CP 7016 in Niverville, Manitoba

Chasing the Maroon

I caught my second* CP heritage unit on February 11th – and my first “on the road” – thanks to some Facebook tips in the great RailsMBSK railfan group.

(I posted about my first heritage unit sighting – CP 7013 – as one of my Railfan Five)

Tim B posted that he saw CP 7016 at the east end of the CP yard in Winnipeg in the morning. Group member Mark Perry saw that and went up to the yard to take some photos, and he noted that it was on an oil train that would be heading east.

Mark kept me informed with updates as the train moved out of the yard into St. Boniface (an area of Winnipeg to the east of downtown). He noted that it was going to head south down the CP Emerson subdivision into the USA, which was super convenient for me, as I live about 5-6 minutes from that line.

Soon after he told me it was on the move, I was off like a shot, sprinting for my car and roaring out east to the CP line – observing speed limits, of course.

I should point out that since this was a loaded oil train, it was limited to 25 MPH outside the city and 20 MPH within the city, due to the Minister of Transport Marc Garneau’s order of February 6. This order was issued after the serious derailment of an oil train (and subsequent fire) near Guernsey, Saskatchewan. This order is in place for 30 days… for now.

The Perimeter

I turned onto the Perimeter Highway, and a few seconds after I laid eyes on the rail crossing a kilometre ahead, the crossing lights came on! #*@&$@#!

I approached and pulled off onto the shoulder, jumped out and got a few side shots of CP 7016 as it rolled through the crossing.

CP 7016 crossing the Perimeter Highway in Winnipeg
CP 7016 crossing the Perimeter Highway in Winnipeg

The train sl-ow-ly rolled through the crossing as everyone waited, until tail end unit CP 8707 passed through and the gates came up. Back to the chase!

I headed south down highway 59. It looked like they might stop at Grande Pointe, so I ducked off the highway to see, but they only paused – maybe to line a switch left open by a previous train? – then carried on south to Niverville.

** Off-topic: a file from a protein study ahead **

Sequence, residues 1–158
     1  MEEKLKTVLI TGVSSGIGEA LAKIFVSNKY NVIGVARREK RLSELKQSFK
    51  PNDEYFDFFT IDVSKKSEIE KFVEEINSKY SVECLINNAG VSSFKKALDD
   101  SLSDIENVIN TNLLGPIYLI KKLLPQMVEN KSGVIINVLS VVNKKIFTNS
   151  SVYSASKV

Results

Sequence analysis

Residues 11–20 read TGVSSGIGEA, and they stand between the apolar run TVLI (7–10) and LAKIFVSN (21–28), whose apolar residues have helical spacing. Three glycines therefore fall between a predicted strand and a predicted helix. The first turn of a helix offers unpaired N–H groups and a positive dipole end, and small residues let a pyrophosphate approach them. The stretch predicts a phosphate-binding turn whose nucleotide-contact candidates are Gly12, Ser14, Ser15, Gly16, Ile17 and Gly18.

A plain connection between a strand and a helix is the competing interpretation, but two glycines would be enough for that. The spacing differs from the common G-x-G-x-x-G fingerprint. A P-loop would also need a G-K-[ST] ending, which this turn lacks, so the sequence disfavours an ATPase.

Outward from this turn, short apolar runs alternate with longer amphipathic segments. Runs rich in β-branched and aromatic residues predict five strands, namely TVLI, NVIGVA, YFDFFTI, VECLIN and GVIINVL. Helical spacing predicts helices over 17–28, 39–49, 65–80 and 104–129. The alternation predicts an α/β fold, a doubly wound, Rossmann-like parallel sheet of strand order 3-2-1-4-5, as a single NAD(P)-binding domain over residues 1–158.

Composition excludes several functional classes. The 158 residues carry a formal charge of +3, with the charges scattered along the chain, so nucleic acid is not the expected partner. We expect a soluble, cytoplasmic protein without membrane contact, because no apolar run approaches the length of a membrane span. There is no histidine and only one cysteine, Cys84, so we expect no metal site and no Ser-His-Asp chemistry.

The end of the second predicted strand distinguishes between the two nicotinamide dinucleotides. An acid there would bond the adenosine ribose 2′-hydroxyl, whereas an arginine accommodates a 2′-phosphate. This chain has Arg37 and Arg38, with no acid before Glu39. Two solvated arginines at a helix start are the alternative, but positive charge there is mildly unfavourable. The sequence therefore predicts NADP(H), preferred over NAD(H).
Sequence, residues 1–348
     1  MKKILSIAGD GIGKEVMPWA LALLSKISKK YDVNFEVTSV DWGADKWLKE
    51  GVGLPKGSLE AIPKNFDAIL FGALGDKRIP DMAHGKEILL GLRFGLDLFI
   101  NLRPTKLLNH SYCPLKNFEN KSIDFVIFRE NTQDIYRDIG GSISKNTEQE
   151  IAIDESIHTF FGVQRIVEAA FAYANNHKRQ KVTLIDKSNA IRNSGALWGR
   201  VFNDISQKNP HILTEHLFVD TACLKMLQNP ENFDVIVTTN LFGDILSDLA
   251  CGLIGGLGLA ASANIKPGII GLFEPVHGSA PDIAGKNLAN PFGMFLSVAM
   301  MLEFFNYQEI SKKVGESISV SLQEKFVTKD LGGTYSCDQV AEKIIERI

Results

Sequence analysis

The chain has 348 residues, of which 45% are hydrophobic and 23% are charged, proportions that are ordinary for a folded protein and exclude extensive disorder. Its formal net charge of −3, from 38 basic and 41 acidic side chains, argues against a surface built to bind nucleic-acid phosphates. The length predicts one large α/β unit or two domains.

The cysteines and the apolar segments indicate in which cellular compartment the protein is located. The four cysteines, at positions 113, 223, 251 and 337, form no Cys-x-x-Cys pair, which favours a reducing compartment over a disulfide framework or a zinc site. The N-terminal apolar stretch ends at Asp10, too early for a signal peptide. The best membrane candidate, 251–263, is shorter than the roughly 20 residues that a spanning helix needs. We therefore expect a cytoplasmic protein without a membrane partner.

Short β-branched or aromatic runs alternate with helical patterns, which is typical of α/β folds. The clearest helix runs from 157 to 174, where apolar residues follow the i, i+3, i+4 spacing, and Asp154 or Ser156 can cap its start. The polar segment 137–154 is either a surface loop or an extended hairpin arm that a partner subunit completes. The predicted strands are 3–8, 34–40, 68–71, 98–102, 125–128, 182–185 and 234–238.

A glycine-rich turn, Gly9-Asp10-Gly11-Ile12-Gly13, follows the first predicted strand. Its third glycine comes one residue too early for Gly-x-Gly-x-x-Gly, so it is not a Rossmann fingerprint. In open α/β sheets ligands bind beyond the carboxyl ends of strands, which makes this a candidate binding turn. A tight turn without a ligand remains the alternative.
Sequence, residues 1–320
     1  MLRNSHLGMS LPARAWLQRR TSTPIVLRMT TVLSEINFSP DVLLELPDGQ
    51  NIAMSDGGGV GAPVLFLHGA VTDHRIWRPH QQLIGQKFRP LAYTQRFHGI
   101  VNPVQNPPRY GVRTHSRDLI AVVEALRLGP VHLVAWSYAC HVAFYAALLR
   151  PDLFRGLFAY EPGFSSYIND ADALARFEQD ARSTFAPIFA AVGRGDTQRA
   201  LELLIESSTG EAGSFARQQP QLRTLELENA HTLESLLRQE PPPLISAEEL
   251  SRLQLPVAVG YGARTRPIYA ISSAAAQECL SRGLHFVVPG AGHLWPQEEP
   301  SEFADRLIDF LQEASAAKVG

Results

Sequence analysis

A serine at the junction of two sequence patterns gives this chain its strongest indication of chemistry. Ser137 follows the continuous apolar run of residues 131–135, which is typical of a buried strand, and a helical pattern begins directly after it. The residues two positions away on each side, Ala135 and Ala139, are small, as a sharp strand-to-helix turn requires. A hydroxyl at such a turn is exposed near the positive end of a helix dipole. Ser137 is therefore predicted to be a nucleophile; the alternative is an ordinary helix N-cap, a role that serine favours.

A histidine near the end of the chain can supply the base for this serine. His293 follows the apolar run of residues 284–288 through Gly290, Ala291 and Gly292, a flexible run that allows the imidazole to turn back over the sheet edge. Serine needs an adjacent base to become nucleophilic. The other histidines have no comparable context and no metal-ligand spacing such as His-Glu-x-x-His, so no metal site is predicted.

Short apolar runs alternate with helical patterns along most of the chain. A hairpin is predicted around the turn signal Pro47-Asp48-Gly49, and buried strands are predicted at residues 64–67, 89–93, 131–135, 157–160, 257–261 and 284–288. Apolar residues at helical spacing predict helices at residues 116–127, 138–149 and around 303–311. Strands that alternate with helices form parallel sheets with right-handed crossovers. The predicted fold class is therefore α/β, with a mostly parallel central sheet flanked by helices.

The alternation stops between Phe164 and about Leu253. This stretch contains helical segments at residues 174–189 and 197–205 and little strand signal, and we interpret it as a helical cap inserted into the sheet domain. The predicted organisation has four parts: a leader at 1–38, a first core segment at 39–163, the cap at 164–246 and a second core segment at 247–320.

Niverville

CP 7016 passing the Niverville Curling Club
CP 7016 passing the Niverville Curling Club

Given the 25 MPH speed of this oil train, it was easy enough to get ahead of it, so I arrived trackside in Niverville a good two minutes before the train. I set up my tripod to record video and snapped away with my camera as the train rolled past the former Manitoba Pool grain elevator. That elevator was BRIGHT.

CP 7016 passing the Artel grain elevator in Niverville
CP 7016 passing the Artel grain elevator in Niverville


After 7016 passed, I turned back to find my tripod and camera lying on the ground! I guess you have to close the clamps on ALL THREE legs of the tripod!

Thank goodness it fell onto snow. The camera (Canon T1i, my previous camera) and lens seem OK.

Back in the car, and one more sprint, down the back road toward Otterburne. I decided I wanted to get it outside the town, as I didn’t want to get trapped in a 50 km/hr zone and miss the train.

Otterburne

CP 7016 crossing the

I got barely ahead of the train and elected to grab them just north of Otterburne at a little bridge. I screeched to a halt, jumped out and set the tripod on the ground “as is” without extending the legs, then took a few photos as the train passed.

In retrospect, it would have been nice to wipe off the video camera’s lens…

CP 8707 was on the tail end, with SOO LINE grain cars providing the buffers.

CP 8707 on the tail end of an oil train
CP 8707 on the tail end of an oil train

As the tail end passed, I looked back to see them go through an S curve I never knew existed on that line. Something for next time! Maybe with a drone…

With that done, I headed back home. A good chase, and good photos… and amusing video.

Literally falling down in awe of the heritage unit…

Have you seen a CP heritage unit? Leave a comment!

Just One More Thing

You can read about my previous attempts to “catch the maroon” / see a CP heritage locomotive:

6 thoughts on “Chasing the Maroon”

  1. Congratulations on catching a Maroon on the go! I was especially intrigued by the photo and video from Otterburne, with the power lines in the background… I had no idea there was another HVDC line running south of Winnipeg. Also love the video swooning and fainting as the train passes.

    Reply
    • Thanks, Jeff! Those pesky power lines are everywhere. 😉

      “Swooning and fainting” – that’s perfect! My camera and tripod were overcome by the beauty of the locomotive 🙂

      Reply
  2. Falling tripod, dirty lenses, your slipping Steve!
    I caught a glimpse of a heritage unit a few weeks back going over the route 90 overpass, but the view was blocked by an oil train. By the time I turned around it was already out of view in the Weston yard.
    Glad you finally caught one.

    Reply
    • Hi Sheldon, yes, definitely slipping! Hopefully not actually slipping on ice!

      I’m still on the hunt for a military unit or three… these heritage units have given many a good reason to railfan CP again.

      Reply
  3. Steve

    I saw a Maroon unit at the entrance to the shops in Alyth Yard here in Calgary last Thursday as my wife and I were running around doing some shopping. We didn’t stop since we were crossing over on the bridge on Blackfoot Trail, quite a busy road.

    Reply

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